Oregon Water Parks

Oregon’s water parks are few and far between — most people flock to the sunny Oregon Coast to fill up on watery good times. But as if to make up for the lack of water parks, Oregon offers wonderful municipal aquatic centers. Here are Oregon’s water parks, aquatic centers and water slides.

 

Oregon water parks

Oregon Water Parks: Wings and Waves Waterpark

Wings and Waves Waterpark at the Evergreen Aviation & Space Museum. McMinnville, Oregon.

It’s an air museum. No, it’s a water park. Well, it’s both. Although admission is pricey ($32 for an adult), you’ll get to enjoy a wave pool, a vortex pool, fountains, slides that take you right past an airplane (and nine more slides), along with an indoor playground. Located about an hour away from downtown Portland.

Splash! At Lively Park. Springfield, Oregon.

In a Eugene suburb, this indoor city water park is one of the best in Oregon. Ride inner tubes in the wave pool, slip down the 144-foot water slide and let babies and toddlers sit in the bathtub-warm infant pool.

Pendleton Aquatic Center. Pendleton, Oregon.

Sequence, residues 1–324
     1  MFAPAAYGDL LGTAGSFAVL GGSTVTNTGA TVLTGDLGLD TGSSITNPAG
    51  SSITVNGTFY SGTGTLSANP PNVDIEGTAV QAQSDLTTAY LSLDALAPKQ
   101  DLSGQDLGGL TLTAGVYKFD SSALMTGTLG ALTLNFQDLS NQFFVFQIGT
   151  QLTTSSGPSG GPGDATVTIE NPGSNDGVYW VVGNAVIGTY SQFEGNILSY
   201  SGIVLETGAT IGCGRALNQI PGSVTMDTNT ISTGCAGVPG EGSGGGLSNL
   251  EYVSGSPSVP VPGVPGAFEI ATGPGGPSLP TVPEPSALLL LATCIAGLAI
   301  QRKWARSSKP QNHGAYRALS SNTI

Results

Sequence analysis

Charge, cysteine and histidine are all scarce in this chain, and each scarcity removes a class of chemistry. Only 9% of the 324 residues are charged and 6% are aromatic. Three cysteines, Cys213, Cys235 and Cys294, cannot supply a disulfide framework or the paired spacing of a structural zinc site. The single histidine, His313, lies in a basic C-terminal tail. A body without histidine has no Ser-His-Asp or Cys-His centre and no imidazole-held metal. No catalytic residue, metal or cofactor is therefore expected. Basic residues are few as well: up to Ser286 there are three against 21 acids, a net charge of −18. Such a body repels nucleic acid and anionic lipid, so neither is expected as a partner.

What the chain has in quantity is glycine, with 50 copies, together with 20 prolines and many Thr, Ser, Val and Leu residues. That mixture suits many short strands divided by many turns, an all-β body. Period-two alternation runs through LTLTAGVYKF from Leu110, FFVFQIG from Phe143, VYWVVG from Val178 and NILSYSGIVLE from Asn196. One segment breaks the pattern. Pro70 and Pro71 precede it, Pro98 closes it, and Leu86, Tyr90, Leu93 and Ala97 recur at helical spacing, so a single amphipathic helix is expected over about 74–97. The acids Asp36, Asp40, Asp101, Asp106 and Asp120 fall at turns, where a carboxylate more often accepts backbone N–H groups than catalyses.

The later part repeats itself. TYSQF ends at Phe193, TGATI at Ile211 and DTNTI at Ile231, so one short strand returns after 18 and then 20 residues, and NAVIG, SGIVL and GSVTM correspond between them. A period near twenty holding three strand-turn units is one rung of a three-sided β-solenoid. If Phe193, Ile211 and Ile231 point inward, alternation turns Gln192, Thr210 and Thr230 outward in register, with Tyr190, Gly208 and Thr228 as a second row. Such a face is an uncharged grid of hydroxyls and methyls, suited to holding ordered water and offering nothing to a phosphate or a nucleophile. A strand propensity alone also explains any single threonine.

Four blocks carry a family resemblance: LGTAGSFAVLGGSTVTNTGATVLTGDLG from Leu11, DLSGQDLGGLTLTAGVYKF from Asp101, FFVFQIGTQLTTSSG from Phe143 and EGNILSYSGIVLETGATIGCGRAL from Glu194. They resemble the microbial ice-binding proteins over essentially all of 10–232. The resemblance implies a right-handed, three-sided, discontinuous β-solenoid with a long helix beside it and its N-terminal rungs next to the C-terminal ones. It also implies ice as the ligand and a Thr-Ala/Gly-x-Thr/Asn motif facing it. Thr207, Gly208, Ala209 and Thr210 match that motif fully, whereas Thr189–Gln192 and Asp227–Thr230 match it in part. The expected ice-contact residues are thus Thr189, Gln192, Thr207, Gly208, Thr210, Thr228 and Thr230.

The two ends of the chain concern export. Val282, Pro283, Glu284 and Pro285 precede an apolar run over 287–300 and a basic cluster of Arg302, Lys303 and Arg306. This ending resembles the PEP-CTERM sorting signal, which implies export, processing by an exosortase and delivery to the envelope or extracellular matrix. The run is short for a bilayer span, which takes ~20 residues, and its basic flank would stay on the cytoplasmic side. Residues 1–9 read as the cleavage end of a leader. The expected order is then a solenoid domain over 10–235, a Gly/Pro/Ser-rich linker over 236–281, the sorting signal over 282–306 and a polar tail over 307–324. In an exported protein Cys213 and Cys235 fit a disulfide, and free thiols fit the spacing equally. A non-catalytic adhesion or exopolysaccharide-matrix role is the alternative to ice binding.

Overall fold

A fantastic outdoor, summer-only aquatic center in dry, hot Eastern Oregon. Fountains, a giant pool (with zero-depth entry), huge slides and baby slides, too.

North Clackamas Aquatic Park. Milwaukie, Oregon.

A suburban indoor water park with three brightly colored water slides, an 85-degree wave pool and free lifejacket rentals. Just south of downtown Portland.

City of Astoria Aquatic Center. Astoria, Oregon.

When the weather just won’t cooperate, this North Oregon city aquatic center offers two slides, a hot tub, lazy river and toddler pool, along with the usual lap pool.

Emigrant Lake. Ashland, Oregon.

Yes, this is a lake — but it’s a lake with a water slide. How cool is that? A 280-foot twin flume water slide splashes down into the lake, right next to the campground.

Jamison Square. Portland, Oregon.

Located in the Pearl District shopping area — just a few blocks from Powell’s Books — this is a low-stress water feature. Fountains of water create little water falls down steps, which pour into a shallow bowl below, filling it. The water drains, and the cycle repeats. Great for toddlers and preschoolers.

About Lora

Lora Shinn writes about travel for regional and local publications, including AAA Journey, National Geographic Traveler, Bankrate.com, Natural Health and Whole Living.

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